I don’t know how we get to that next stage. Maybe it will come about in time. The stage I am referring to, is when female economists get air time. It is probably not too unfair to say, that females understand something about debate and discussion that men often do not. Something you say, might be interpreted in multiple ways.

Men on the other hand, are often gloriously unaware as to the multitude of ways in which they could be interpreted. Then say something and assume the whole world knows how to pick it up and run with. What you find with male economists who receive TV air time, radio, newspaper space and blogs – they all seem very sure about themselves. They make a simple statement and make it so it is audible.

This leads to a situation (it may be a limitation in the long run, I don’t know) where the couple of male economists who we read or watch, or listen to, have recognisable signatures on those various media. Before I switch on a TV program and watch Constantin Gurdgiev, I know what I am getting into. Similarly, with Colm McCarthy before he is interviewed by Pat Kenny or whoever, you have a fair idea.

I always look forward to Karl on Prime Time, as his facial expressions say much more always than anything else. That would not translate into print in a newspaper, or on radio.

Brian Lucey, in terms of the real stage, where an audience sits in a room and listens to an economists such as himself speak, is very enlightening. I haven’t heard Karl or Colm speak, so I don’t know.

I have seen a hardened ecological campaigner reduced to tears with the emotion of Constantin talk about polar bears and ice bergs. But that is a whole other story.

The point I am making I suppose, is that economics requires some degree of stage management and presentation. It is an area I hope to see more activity from female economists in, in the future. The stage is there to be taken by anyone I suppose.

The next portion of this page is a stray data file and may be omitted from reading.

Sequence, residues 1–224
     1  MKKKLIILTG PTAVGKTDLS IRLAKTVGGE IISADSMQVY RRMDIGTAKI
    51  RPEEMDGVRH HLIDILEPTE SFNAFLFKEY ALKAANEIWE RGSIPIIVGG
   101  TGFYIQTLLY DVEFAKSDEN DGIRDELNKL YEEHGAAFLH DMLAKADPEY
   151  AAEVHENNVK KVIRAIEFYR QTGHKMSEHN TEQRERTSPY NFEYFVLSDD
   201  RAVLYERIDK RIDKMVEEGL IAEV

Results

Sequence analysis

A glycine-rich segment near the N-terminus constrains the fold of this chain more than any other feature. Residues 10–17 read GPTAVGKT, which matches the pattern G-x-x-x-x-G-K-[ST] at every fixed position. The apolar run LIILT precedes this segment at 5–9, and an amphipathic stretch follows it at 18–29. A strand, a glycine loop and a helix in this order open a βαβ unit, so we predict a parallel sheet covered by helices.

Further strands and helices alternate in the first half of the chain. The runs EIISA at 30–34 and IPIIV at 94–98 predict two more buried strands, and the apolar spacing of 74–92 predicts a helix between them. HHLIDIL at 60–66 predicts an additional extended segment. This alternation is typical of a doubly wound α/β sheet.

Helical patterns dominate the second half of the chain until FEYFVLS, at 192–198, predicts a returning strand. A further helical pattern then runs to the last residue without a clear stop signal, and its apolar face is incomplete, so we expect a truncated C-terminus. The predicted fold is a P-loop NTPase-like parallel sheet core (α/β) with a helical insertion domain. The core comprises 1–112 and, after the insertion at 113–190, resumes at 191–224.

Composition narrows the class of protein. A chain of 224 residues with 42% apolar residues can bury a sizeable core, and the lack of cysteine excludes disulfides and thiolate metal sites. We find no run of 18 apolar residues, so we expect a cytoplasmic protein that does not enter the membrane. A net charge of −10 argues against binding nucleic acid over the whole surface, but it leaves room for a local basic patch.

I did have a chance to observe Frances Ruane on stage at the Dublin Innovation week recently. Peter Clinch was busy giving the input from the government end. Tom Boland did his bit that evening and spoke emotively about education. But Jim Barry of National Toll Roads absolutely wiped the floor with everyone. Awesome.

Having said that, Frances did make one of the best points of the whole evening and the whole discussion in relation to PHd programs in universities in Ireland. But it was mixed up in a lot of other stuff. This is what I mean about females being aware of the different interpretations of a statement. It doesn’t always make for the best stage performance.

I went on national radio on 4th August ’09 to say a few things. If you fast forward to approximately 1 hr 09 mins, the program has my interview with Philip Boucher-Hayes.

I found the medium of radio quite strange I must say. It is not what you would expect. I made me realise a lot, of how challenging the work of live media is. The presenters who are used to it make it look easy, but it is not. I got all twisted and turned upside down, while trying to negotiate a few basic sentences. I is weird listening to yourself too. I’ll bet the pros must do a lot of training and get a lot of practice.

I’ll bet broadcasting is like a lot of things. You start off real small, doing trivial stuff and learn your trade. Most of us dive into it later on, as ‘experts’ and kind of trip over ourselves. But I can live with that. Are females more horrified by the propect of a trip-up on national media?


Thanks for suggesting the discussion on the information society at UC Berkeley. I found this interesting. In particular the points about interdisciplinary research in the context of the service economy are relevant and impotant for Ireland as well.


I believe Saxenian visited Ireland for some event at DIT, I read on their website not too long ago. Her book comparing Route 128 in Boston with Silicon Valley is a must read. Her papers are all available at her web site too.

I hope to take a sabbatical from the economics now, and focus on some other wonderful stuff for a while. But I wanted to bombard you economics folk with as much stuff as I could think of, in a short burst. I know people here will dig into it and find it useful at some stage.